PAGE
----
Albany wrapped up its last official session of 2016 on Thursday, without renewing or replacing the state's controversial 421-a program — a tax break for certain newly-built residential developments that expired in January.
Lawmakers were slated to reconvene in both the Senate and Assembly early Friday, but it was still unclear Friday morning whether they'd resolve the issue before adjourning for the year.
Without a tax break program, developers warned that rental housing development is likely to shrink and put a major dent in Mayor Bill de Blasio’s plans to build 80,000 new units of affordable housing over the next decade.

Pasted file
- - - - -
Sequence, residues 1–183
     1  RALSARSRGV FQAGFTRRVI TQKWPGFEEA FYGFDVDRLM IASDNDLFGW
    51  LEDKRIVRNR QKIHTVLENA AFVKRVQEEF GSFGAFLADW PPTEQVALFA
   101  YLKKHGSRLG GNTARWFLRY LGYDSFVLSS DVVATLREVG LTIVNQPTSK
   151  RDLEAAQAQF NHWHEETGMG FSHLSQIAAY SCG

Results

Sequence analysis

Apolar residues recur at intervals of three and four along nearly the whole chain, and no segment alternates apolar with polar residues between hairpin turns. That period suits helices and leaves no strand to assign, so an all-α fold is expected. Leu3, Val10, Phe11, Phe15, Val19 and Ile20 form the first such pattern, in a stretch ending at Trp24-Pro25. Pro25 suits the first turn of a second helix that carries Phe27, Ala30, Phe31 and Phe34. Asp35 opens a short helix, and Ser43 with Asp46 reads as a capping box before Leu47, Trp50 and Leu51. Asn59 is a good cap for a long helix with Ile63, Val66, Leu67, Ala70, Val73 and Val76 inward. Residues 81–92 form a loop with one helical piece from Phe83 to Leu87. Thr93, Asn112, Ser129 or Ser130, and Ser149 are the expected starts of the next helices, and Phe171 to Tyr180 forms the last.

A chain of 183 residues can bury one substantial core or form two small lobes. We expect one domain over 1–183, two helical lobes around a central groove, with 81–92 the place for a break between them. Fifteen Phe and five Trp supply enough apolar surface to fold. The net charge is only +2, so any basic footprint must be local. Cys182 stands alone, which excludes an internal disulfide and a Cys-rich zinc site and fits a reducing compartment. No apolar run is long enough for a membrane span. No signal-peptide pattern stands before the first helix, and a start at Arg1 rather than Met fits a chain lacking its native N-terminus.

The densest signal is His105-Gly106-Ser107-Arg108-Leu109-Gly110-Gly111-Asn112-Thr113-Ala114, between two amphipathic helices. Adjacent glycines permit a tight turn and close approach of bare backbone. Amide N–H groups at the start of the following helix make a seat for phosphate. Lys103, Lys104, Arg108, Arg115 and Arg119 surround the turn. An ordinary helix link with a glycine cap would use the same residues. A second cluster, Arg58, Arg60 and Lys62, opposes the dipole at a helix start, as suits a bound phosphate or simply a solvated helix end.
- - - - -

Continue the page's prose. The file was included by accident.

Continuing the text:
State lawmakers this week proposed a replacement bill that sets new wage floors for construction workers on projects receiving the tax breaks. And while the real estate community seems placated, construction workers and housing advocates say the new plan doesn't do enough.
Both sides agree though that 421-a had been a large drive of rental development in the city, and without it, some sort of subsidy would be needed to replace it.
On Wednesday, the mayor criticized the existing program for wasting taxpayer dollars to subsidize luxury housing.
Experts say the loss of 421-a could also greatly hinder the mayor's recently-approved Mandatory Inclusionary Housing plan, which largely relied on the tax breaks to make it easier for developers to build housing that includes affordable units.